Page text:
Jan 22, 2012 Sunday was Chinese New Year's Eve Reunion Dinner. Time to catch up. My advice to the young adults would be to ask questions to sustain a conversation rather than keep looking at their smartphones and texting. Ask what your cousins or uncles and aunties have been doing and you can learn much.
There were two Chinese idioms which I can't translate into English.
1. Teochew expression of 6 words. The Teochew mother expresses herself in Teochew and has dropped hints to the late 20s son who does not contribute one cent to the household by giving a bit of his salary to the mother. The daughter gives money monthly but the son forgets about it. In Chinese custom, children should give some part of their pay to the mother as they still live with the parents. So she said the six words. Nobody could translate into English. "It means scrounger," Julia said. Well, that is a public hint to the son to part with a bit of his salary to the mum. It will be like talking to the wall as he said that he is on hard times, having to save up for his wedding and his new HDB apartment renovation. In any case, the parents don't need his money. It is just a custom of some Chinese mothers to expect children to give some token to them when they start work and still live in the parents' house. As for the father, he said to me when I asked his opinion: "If my children don't ask money from me, I am OK!"
2. Teochew expression regarding a "golden chair". This refers to a young man who should marry an older woman. After all, an older woman is secure financially (hence the golden chair) while a younger woman wants money and security from the man. So, the niece with the fairest famed complexion of the Teochew ladies advised Jason not to marry wives younger than himself. "2 years older," she gave an example of a man dating a woman 8 years older but failing in the relationship. "Why not build your own golden chair?" her brother suggested.
Conversations can be sustained if you asked about the other party's welfare. Dogs are one favourite part in conversation. "How do you know it is dangling?" I asked the brother of the fair lady who had asked Daniel some advice about the cost of removal of a lump which keeps growing bigger in a 13-year-old Cross bred of her boyfriend. This boyfriend loves animals and she related an incredible story. One day, his favourite Jack Russell escaped and was hit by a car. The dog waited for him to return home from work. Once he reached home, the dog passed away. "He was holding on to life till he had seen his owner," she said.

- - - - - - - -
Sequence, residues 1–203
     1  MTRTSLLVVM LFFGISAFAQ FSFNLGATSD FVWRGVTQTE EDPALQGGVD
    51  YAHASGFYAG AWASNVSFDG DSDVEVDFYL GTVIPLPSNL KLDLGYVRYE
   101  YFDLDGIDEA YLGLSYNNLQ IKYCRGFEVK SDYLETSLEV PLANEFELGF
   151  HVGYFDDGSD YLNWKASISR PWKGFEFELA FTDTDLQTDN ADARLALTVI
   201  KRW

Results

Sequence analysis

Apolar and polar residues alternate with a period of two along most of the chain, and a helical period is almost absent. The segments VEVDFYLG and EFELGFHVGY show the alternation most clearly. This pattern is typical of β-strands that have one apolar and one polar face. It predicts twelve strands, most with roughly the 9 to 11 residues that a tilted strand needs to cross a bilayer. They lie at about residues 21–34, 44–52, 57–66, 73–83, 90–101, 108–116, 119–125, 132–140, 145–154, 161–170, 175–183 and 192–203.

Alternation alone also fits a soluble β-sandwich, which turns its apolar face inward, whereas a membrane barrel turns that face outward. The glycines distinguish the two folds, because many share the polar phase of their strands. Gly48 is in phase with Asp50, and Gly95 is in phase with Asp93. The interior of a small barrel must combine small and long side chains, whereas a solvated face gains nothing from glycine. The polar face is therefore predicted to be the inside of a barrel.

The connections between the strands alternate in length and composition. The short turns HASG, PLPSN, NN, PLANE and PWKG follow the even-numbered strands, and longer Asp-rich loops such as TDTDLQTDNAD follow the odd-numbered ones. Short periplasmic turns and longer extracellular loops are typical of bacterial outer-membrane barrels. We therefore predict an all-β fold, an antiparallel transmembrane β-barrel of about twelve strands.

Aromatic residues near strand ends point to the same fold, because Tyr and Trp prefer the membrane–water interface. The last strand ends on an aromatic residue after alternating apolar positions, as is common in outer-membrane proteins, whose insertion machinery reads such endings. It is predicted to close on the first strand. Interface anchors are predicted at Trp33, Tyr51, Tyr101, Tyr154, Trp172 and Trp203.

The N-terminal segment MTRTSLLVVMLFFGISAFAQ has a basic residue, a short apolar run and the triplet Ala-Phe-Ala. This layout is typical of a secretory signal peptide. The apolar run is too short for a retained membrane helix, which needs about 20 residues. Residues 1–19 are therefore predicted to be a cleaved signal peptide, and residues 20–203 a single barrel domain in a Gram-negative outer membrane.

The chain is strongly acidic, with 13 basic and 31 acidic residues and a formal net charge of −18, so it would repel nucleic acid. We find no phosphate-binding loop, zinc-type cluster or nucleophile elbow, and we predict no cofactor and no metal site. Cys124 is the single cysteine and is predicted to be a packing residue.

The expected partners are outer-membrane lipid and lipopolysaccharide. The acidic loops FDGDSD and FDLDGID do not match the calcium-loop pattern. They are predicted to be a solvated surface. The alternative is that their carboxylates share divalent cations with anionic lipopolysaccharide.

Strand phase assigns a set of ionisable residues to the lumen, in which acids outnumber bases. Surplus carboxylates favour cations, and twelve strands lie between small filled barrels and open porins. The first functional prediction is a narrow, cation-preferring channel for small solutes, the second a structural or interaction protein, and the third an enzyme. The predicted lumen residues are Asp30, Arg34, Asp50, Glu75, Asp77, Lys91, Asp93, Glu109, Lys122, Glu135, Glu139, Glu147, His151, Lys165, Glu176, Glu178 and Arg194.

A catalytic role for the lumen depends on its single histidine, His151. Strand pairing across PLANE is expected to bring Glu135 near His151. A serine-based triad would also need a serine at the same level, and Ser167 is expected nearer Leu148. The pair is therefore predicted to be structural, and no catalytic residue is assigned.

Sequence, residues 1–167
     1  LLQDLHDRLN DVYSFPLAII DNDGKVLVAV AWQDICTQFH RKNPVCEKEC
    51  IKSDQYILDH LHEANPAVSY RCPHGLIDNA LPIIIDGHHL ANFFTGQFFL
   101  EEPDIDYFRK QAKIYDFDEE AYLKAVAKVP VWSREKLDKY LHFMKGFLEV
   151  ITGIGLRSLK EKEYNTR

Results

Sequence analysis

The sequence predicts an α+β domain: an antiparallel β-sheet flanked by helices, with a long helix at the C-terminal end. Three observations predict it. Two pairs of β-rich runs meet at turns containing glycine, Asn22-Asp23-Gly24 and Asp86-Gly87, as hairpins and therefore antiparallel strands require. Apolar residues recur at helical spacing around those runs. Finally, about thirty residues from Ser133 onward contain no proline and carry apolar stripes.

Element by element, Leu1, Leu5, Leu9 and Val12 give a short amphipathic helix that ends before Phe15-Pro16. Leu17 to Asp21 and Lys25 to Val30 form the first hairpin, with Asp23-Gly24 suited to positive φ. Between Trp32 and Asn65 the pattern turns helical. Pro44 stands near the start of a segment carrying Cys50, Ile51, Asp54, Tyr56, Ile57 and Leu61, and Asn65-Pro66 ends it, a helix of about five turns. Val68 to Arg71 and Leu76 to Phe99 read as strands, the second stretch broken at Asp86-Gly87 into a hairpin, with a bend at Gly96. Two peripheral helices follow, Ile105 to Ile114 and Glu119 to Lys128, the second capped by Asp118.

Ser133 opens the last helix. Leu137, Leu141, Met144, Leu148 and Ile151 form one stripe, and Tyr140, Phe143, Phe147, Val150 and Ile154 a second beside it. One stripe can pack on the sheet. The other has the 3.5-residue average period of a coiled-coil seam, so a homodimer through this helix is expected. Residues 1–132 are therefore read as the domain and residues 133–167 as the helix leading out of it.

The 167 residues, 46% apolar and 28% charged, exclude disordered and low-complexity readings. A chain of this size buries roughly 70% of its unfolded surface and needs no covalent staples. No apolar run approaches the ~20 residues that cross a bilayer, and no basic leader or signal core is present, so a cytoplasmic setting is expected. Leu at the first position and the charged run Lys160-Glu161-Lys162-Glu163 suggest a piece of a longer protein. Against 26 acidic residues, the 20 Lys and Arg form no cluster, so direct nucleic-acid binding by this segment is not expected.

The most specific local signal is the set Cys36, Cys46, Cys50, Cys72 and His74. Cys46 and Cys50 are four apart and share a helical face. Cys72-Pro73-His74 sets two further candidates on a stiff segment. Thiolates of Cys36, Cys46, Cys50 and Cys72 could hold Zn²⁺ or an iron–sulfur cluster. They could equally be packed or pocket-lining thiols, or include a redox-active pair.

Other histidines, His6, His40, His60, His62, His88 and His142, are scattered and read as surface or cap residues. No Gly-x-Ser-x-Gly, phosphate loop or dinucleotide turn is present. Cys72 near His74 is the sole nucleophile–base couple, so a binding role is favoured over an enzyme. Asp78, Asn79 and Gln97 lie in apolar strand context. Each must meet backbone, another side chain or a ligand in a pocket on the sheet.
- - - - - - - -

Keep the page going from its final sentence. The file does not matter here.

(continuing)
To return to the dangling lump, the brother of the fair lady said he had not seen the dog. Daniel presumed it to be a growth from the groin area. I asked in more detail from the fair lady: "Where is the lump? Is it in the breast area?" She said: "No, it is dangling from between the legs and keeps growing bigger fast every day."
Since this is a male old dog, I said: "It is likely to be a testicular cancer. I can arrange a transport man to bring it down for surgery. The earlier it is done, the better for the dog." I doubt that there will be any follow through action by this young lady as it is not her dog.
Sadly, many dog owners feed their dogs and do not bother when there are growths or bad breath. However, recently, it seems that there are more cases of dental work being requested on dogs.
As can be seen in a last-minute request by a mother and her two pre-teen daughters bringing a 13-year-old small breed dog today at 4pm as the dog was not eating. As the dog had eaten at 6 am, I proposed dental work after a general examination. "This dog will not bite," I said to Dr Vanessa as she tried to muzzle him and examine his mouth via the muzzle. This small breed does look ferocious and open-eyed, being a mini-pinscher cross and so I did not blame her for being careful. I lifted the side of the dog's mouth to expose the back teeth full of tartar. "Give an IV drip plus antibiotic IV before dental work," I advised. There was a need for blood test and an anaesthetic consent form. However, the blood test would add up the cost and so this was not done. A general examination would do. Domitor 0.1 ml and isoflurane gas. 3 teeth extracted by Dr Vanessa.
The dog went home to a happy mother with two daughters on Chinese New Year's eve. Many of such cases need dental work but can get frightened by warnings about deaths from anaesthesia from the vet. Obviously the vet has to cover himself by getting the consent form signed as this is an old dog and could die. Hospital doctors do the same too. In this case, no consent form was asked to be signed. Careful anaesthesia resulted in a happy outcome for this dog. Old dogs seldom die from dental work if there is careful anaesthesia and no chatting between the vet and the assistant. Focus on the patient and in my 30 years of experience, I can be confident that the old dog will not die on the operating table as the anaesthesia duration is very short if the vet prepares and knows what to do efficiently and productively.